The 3D-printed lattice structures the researchers used for testing were made with a spot cure of about 50 microns, and the resulting parts were hard parts with a feature size of 100 microns. The researchers worked with nickel, silver and copper, as well as tungsten-niobium, a combination of refractory metals that are difficult to shape. They were also able to mix a variety of materials, such as copper and cobalt. A unique aspect of this work is that, starting with the hydrogel step, different metal salts can be put in different areas, which can then be sintered simultaneously. A curious detail is that the hardness seems to be 47% to 15% higher than expected, which may be something to be developed further. In general, the sintering process needs to be controlled, which can be a bit challenging for many geometries to industrialize. The shrinkage is about 60%, which can also limit geometry and process control.

Indirect metal 3D printing of small parts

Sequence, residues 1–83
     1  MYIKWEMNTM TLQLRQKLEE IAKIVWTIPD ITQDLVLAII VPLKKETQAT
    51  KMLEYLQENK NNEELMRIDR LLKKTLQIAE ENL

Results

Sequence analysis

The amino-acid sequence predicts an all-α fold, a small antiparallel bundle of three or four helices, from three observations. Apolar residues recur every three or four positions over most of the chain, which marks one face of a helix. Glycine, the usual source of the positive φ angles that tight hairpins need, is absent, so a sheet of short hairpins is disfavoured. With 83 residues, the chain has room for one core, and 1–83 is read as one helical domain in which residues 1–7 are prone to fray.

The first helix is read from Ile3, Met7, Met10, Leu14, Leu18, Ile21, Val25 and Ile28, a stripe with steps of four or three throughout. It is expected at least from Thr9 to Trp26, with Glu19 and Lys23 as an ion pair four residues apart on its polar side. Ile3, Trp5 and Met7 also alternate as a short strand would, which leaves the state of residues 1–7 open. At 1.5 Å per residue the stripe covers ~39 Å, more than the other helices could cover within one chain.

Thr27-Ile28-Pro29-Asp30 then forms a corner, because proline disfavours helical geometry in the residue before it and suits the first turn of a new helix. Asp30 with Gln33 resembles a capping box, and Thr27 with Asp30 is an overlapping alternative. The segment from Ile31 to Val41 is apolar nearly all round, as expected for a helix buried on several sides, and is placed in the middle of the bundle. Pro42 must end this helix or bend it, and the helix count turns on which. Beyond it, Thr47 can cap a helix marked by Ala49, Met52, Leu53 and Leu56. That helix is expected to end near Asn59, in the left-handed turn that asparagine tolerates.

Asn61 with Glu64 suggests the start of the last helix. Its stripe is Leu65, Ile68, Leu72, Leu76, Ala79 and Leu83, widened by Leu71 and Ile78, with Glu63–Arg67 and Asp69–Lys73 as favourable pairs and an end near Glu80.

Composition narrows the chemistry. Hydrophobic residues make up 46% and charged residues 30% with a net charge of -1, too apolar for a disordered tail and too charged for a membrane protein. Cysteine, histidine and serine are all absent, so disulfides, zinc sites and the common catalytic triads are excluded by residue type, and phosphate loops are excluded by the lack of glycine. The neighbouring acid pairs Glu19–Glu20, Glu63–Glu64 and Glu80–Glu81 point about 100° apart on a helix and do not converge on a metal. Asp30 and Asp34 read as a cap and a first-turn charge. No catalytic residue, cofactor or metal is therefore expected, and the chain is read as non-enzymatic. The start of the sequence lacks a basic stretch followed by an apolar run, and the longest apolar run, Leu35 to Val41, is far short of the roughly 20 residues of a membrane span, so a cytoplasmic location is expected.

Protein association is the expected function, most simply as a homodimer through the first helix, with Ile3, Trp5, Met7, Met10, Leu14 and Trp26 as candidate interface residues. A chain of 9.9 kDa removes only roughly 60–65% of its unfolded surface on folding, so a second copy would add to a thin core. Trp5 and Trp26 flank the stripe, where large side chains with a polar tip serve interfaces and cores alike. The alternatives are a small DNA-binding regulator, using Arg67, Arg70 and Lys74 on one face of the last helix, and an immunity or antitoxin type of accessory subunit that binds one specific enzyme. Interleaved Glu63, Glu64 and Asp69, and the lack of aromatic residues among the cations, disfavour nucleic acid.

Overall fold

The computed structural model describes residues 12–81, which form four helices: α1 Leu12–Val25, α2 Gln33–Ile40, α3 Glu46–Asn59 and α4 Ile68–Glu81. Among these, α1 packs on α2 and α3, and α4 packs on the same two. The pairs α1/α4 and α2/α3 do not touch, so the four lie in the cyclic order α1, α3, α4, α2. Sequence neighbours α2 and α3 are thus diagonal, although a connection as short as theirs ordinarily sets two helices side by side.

This indirect metal 3D printing technology requires no new machines or setups by using standard chemicals and is very low cost. This could lead to this it will be quickly adopted on the customer side, as they have the necessary equipment and knowledge of the part process, and material manufacturers like Arkema or Stratasys’ would strongly support the further promotion of this process, and many parties could join forces to promote its industrialization. In addition, by using vat photopolymerization, they can ride on the “coattails” of this technology in terms of producing precise, minute details and features. The resulting parts are small and precise, and perhaps this technology could indeed be a very cost-effective option for creating microchannel mesh components.

Similar work to this technology includes direct-write 3D printing and two-photon photopolymerization. Another result of this technique being applied is that the vat photopolymerized parts are carbonized and become good conductors. Taken as a whole, the details related to hardness, refractory materials and thin beam lattice components here may be unique.